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Back in the late 1800s, Argentina was in the middle of a number of wars, both internal and external. Rural men were recruited to fight for the nation, and one such forced enlistee was our hero, Gauchito Gil.
The legend takes place in the province of Corrientes, a humid, tropical state on the Paraguayan border which was undergoing its own period of territorial turmoil with its northern neighbor when Gauchito Gil came on the scene. Born Antonio Gil in the 1840s, Gil was a farmer who became romantically involved with Estrella Díaz de Miraflores, a wealthy widow and ranch owner. However, this liaison between a lowly farm worker and a high society lady was not looked upon favorably by her brothers, or by the local police chief who wanted Miraflores for himself. They conspired to accuse Gil of robbery, but, before he was arrested, Gil fled, joining the army to fight against Paraguay.
Stories of his bravery and courage preceded him and he returned a war hero, only to be drafted again to fight in the civil war on the side of the liberal Blues, a side he was morally opposed to in a war he didn’t support. It was then he took on the mantle of a cowboy bandit, deserting the army with some companions and roaming the hillsides stealing from farms to survive. However, this theft soon transformed itself into a generous act and Gil earned a reputation as something of a quasi-Robin Hood, stealing from the rich and giving to the poor. He was protected by local peasants who respected him, and even saw him as a magical and mystical figure who could resist bullets and cure illnesses.
Gil was captured by the authorities after they caught him hiding in the woods, and they prepared to bring him to a nearby town for a trial. However, an impatient guard cut the journey short and decided to execute Gil then and there, first hanging him from a tree by his legs and torturing him. Gil’s reputation for wizardry should have been heeded by the guard at this point, as he implored him to wait, saying a letter of pardon was on its way to Mercedes, and that the letter also had news of a sudden illness that had struck the guard’s son.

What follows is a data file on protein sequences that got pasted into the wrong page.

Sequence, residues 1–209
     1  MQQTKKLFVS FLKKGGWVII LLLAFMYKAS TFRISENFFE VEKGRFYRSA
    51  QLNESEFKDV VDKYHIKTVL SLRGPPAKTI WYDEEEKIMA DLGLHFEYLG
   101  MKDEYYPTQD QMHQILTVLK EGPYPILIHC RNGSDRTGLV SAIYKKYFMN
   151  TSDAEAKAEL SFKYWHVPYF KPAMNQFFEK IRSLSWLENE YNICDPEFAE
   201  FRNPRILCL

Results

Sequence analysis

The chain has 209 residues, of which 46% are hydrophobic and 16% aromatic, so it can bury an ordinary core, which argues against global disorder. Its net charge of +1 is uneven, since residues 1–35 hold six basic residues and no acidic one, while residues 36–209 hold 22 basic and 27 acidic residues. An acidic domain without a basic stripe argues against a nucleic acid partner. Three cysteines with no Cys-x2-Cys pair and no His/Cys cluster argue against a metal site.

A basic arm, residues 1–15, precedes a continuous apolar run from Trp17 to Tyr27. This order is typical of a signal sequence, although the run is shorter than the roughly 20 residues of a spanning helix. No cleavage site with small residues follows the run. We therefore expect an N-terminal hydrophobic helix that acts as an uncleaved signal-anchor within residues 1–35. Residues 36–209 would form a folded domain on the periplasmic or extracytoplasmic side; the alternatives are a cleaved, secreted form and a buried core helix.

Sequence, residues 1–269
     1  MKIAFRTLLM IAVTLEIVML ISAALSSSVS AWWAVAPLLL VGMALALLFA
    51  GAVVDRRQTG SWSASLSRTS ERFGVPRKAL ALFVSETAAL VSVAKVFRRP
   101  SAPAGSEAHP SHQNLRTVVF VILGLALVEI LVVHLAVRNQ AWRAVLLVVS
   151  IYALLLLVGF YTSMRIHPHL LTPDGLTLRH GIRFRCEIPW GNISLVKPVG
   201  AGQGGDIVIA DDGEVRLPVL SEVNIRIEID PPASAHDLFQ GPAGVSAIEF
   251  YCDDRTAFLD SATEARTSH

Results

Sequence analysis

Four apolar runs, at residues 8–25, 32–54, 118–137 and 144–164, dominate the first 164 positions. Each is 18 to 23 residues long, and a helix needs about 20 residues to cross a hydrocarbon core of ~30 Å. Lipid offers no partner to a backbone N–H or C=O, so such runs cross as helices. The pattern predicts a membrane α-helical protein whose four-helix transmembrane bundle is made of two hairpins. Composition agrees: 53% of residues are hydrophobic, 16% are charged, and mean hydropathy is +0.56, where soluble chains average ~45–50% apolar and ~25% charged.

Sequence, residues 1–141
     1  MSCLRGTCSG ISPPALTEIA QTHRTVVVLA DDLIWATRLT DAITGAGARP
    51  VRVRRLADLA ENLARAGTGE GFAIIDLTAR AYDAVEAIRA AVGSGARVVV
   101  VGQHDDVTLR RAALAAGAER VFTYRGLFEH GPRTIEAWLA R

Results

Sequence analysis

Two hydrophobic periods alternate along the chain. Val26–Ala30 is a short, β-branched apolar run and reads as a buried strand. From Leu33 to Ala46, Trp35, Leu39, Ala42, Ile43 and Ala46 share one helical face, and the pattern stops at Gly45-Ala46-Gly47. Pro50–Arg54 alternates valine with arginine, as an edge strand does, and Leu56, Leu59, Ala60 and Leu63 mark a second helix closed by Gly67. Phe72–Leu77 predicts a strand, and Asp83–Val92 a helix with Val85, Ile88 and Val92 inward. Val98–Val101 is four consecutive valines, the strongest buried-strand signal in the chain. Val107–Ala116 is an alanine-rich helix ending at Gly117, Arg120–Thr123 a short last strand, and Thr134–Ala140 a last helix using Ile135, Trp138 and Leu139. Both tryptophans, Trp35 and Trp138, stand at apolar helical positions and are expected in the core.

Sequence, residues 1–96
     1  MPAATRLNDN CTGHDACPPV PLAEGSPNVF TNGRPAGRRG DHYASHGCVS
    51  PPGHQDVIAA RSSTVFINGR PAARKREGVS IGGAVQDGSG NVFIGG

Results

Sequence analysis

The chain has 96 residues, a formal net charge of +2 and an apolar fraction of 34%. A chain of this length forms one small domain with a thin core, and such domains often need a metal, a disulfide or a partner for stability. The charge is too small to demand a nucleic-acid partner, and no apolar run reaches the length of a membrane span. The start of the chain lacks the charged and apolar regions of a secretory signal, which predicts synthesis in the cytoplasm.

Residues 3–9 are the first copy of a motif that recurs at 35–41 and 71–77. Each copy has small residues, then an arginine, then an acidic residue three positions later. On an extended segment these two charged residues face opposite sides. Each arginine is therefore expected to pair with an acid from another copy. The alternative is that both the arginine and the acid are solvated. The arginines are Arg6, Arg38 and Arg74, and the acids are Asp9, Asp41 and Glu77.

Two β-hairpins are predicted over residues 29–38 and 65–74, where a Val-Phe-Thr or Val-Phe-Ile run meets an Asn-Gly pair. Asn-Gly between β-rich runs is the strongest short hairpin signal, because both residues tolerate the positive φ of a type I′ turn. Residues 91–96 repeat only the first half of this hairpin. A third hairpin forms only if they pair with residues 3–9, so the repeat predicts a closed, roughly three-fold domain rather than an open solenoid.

The guard didn’t believe Gil, even when he told him the only way his son would survive was if the guard invoked Gil’s name and asked him to save the child. Thinking this folly and unwilling to listen to the criminal cowboy, the guard brutally slit his throat. He would have done well to listen, as when the police officer arrived in Mercedes, there was in fact a note pardoning Gauchito Gil, and his son was indeed sick. The guard panicked and, despite only recently having murdered Gil, he prayed to the outlaw to heal his son, and the next day his son was back to good health. Believing finally in the powers that Gil possessed, he arranged for a proper burial for the merciful cowboy and painted the cross above the grave red so everyone would know the story.
Now Gauchito Gil has reached mythical status in Argentina, and although not recognized by the Catholic church, he is considered as a sort of common-law saint, especially among rural and working classes. It is common to ask Gauchito Gil for favors, and in return his followers will leave red crosses and little altars along the roadsides with signs that say “Thanks Gauchito Gil!” His presence is particularly felt in northern Argentina where the legend originated, and each year over 200,000 pilgrims visit his resting place in Mercedes, especially on January 8, the day of this death, when festivals and celebrations take place, making the anniversary a lively occasion, just as the cowboy saint would have wanted it.